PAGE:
The past few weeks have marked a tough time for BlackBerry; having announced it will let go of 40 per cent of staff and that it might sell the company to FairFax Financial Holdings, now it has emerged that the real reasons behind BlackBerry’s demise lies within the organisation itself.
After the launch of BlackBerry 10 in January, the Z10 flagship failed to win the hearts of smartphone users across the globe, leading to BlackBerry taking losses throughout the past 6 months.
Today, however, it has surfaced that while BlackBerry products proved less than successful in recent months, it was internal relations which caused a major divide within the company.
Arguments between BlackBerry CEO, Thorsten Heins, and other senior executives such as BlackBerry’s co-founder, Michael Lazardis and former co-CEO, Jim Balsillie broke out over the decision to omit a physical keyboard on the Z10. According to CNET, Lazardis backed the Q10 device which sports BB10 because it represented what BlackBerry was all about- a physical keyboard- whereas the Z10 with its touchscreen display, did not.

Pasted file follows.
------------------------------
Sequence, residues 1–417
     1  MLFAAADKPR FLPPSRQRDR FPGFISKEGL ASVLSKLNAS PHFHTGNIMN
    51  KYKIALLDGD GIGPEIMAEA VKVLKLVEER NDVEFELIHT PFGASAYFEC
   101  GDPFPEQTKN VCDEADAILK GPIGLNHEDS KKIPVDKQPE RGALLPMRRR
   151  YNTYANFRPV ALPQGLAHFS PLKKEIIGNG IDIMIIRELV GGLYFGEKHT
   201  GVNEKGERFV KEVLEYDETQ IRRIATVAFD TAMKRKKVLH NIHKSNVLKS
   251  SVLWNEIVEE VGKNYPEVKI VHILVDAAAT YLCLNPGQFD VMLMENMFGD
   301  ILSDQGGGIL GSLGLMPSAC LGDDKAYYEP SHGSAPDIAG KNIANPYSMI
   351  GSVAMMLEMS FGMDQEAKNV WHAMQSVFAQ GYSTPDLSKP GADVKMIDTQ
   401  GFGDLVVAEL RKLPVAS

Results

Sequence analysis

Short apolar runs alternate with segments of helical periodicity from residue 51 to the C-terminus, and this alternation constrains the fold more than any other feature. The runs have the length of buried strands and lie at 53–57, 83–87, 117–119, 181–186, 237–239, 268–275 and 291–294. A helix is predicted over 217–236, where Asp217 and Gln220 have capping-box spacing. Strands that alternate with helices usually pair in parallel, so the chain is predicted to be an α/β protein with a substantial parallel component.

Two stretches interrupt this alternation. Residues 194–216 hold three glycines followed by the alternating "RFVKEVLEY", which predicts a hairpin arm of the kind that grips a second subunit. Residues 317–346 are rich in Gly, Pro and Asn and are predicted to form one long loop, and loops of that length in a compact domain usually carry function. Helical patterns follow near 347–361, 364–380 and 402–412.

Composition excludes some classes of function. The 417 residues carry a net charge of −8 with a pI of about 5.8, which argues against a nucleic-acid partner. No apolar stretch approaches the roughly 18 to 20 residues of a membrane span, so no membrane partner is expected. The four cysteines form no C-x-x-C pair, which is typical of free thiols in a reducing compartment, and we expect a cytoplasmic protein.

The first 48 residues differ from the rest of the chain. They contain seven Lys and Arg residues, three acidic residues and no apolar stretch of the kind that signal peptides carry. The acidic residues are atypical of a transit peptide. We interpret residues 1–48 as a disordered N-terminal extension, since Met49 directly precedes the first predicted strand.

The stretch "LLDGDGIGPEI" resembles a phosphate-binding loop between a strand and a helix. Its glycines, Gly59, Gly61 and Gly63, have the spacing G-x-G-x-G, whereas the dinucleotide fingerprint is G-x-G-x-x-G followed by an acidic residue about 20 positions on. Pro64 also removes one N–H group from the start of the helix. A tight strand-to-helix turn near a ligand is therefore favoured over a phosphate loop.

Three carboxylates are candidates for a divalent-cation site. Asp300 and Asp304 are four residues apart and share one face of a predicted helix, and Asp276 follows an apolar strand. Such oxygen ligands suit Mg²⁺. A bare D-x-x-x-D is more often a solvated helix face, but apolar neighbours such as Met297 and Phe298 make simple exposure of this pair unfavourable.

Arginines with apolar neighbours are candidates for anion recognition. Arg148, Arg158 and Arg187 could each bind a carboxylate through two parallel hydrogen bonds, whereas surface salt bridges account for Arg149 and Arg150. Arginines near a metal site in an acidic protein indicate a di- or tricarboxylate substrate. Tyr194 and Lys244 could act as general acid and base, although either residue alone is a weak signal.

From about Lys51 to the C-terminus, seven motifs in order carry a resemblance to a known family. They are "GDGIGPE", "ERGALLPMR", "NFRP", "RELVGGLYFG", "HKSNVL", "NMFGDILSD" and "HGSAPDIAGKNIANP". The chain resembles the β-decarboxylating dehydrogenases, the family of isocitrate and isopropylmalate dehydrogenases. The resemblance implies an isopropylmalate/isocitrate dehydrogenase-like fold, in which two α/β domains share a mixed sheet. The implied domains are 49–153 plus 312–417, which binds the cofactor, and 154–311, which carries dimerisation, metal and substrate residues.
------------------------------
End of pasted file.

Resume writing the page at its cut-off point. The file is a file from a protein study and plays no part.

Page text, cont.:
The man behind the plan to offer the popular BlackBerry Messenger (BBM) to other operating systems, Balsillie, also faced opposition from senior execs including Heins, who didn’t see the potential in this cross-platform strategy. As a result, Balsillie decided to leave the company in 2012.
So what was the real reason behind BlackBerry’s failure to make a comeback?
While there’s no denying that BlackBerry’s new range of smartphones failed to bring in the riches the company had hoped for, a divided firm shows deeper trepidations- both for the company’s future and new range of products- which were inevitably going to transpire to the consumer.